The National Art School, Australia's oldest of its kind, has just secured a long-term lease over the historic Darlinghurst Gaol, guaranteeing its future and ending years of uncertainty around its tenure.
The signing of the 45-year lease took place on site on Monday in the presence of the school's chair, four board members and Minister for Arts Don Harwin. The institution is now recognised as an organisation of state significance, alongside Carriageworks and the Museum of Contemporary Art.
National Art School chair Carolyn Fletcher, Arts Minister Don Harwin and Craig Limkin at the signing on Monday.Credit:Louie Douvis
"It gives us certainty – that's the biggest thing. We can now invest in the site and the art-making facilities and drive forward to become the best art school in the Asia-Pacific region. It gives us the certainty to plan ahead and build partnerships with other arts organisations in western Sydney and regional communities, and to extend conservations around what it means to be an artist in the 21st century."
In July 2018, Mr Harwin acquired a 99-year lease over the old jail designed by Francis Greenway, and NSW Independent Commission Against Corruption rules limit the life of a lease to 45 years.
With a secure lease over the precinct, Mr Harwin said the school would likely attract much stronger philanthropic support.
"The future of the National Art School is secure," he said. "That cloud that has hung over them for so long is gone. The school will grow and it will become the greatest art school in Australia and, increasingly, the region. I hesitate to say 'mission accomplished' … but really this is what the National Art School has wanted and we have delivered."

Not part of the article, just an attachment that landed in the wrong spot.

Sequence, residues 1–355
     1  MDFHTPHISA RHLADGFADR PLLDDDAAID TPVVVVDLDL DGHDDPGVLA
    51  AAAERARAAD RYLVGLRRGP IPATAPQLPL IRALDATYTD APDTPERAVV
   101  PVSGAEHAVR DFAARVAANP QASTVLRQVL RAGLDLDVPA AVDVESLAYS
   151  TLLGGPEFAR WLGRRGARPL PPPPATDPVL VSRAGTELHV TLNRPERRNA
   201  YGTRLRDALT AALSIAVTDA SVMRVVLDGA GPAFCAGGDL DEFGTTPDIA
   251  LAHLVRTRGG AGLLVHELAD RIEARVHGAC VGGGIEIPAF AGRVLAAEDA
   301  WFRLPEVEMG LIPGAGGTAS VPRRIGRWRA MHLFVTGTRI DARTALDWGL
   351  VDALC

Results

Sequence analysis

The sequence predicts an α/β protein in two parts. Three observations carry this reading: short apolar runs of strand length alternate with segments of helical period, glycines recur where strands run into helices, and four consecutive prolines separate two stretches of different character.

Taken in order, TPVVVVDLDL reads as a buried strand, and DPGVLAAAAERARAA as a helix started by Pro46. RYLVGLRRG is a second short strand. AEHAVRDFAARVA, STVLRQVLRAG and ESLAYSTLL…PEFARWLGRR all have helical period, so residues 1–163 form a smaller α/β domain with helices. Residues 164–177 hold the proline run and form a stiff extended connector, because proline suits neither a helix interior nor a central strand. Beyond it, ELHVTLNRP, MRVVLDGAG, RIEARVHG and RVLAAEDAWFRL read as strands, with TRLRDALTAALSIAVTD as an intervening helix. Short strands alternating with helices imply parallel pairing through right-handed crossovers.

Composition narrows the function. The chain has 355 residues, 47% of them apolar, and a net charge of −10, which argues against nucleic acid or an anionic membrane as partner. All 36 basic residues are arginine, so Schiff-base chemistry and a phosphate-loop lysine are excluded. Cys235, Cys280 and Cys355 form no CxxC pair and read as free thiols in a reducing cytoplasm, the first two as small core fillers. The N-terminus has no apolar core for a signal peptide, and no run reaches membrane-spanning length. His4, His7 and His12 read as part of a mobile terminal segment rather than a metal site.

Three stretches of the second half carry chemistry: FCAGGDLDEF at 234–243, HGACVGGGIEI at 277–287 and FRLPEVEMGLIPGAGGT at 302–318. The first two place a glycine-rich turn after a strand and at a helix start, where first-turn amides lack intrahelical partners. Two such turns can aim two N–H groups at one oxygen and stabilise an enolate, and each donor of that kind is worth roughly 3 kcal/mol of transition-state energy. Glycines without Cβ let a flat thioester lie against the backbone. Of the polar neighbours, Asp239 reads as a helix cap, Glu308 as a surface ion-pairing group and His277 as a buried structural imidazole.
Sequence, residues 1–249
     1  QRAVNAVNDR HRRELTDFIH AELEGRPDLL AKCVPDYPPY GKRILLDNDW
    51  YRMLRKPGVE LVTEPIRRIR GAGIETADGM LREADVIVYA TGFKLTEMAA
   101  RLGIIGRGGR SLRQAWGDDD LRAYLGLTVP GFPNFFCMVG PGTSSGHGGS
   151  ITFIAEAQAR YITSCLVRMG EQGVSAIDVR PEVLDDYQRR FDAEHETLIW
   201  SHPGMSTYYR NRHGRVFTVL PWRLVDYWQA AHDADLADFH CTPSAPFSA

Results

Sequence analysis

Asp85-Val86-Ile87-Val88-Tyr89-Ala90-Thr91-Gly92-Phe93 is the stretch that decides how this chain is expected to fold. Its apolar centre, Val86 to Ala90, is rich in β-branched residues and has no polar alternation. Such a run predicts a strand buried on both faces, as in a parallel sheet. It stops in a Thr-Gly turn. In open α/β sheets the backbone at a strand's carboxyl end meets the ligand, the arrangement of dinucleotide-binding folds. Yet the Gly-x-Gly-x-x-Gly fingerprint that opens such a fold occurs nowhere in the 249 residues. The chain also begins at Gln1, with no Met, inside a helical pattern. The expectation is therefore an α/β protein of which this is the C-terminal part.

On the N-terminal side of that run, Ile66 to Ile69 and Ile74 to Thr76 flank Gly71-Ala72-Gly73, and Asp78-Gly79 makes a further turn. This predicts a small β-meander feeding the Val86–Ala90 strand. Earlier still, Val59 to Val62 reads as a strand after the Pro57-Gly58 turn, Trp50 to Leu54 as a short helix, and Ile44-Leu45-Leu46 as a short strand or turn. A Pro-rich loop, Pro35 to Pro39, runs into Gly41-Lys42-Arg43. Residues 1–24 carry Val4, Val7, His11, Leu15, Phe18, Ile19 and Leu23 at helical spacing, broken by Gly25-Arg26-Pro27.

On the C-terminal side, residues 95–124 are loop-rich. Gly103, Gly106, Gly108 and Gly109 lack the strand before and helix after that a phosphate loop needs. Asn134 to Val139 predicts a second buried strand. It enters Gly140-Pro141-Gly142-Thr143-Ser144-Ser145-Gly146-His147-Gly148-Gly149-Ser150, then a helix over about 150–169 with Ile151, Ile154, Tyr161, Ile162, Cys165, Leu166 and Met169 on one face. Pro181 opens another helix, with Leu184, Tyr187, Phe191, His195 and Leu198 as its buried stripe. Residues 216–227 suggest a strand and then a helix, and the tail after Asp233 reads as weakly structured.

A celebration is being organised next week to mark the signing, at which a sizeable donation will be announced to help restore the site's facilities and equipment. The board's corporate strategic plan for the next six years will also be announced.
The National Art School boasts a unique model of small atelier-based classes and intensive tutoring in order to teach not just art theory, but art practice. Its alumni includes Margaret Olley, James Gleeson, Tim Storrier, Martin Sharp, Ken Done, Max Dupain and John Olsen, and the school has beaten off multiple threats to its campus, in the 1960s, 1973 and a decade later when it was caught in a drive to restructure TAFE courses.
Olley in particular would likely be pleased with the school's new lease. Alderton was previously the director of the Lismore Regional Gallery and was heavily involved in the planning for the nearby Margaret Olley Art Centre, during which he would visit the late artist often in Sydney.
"She was always talking about the National Art School and had a real fondness for it in her heart. She came down from Brisbane and enrolled in it when it was East Sydney Technical College and it opened her world up, for the first time really," he said.
"She loved the place, and the studio teaching model, and she'd be very happy today."
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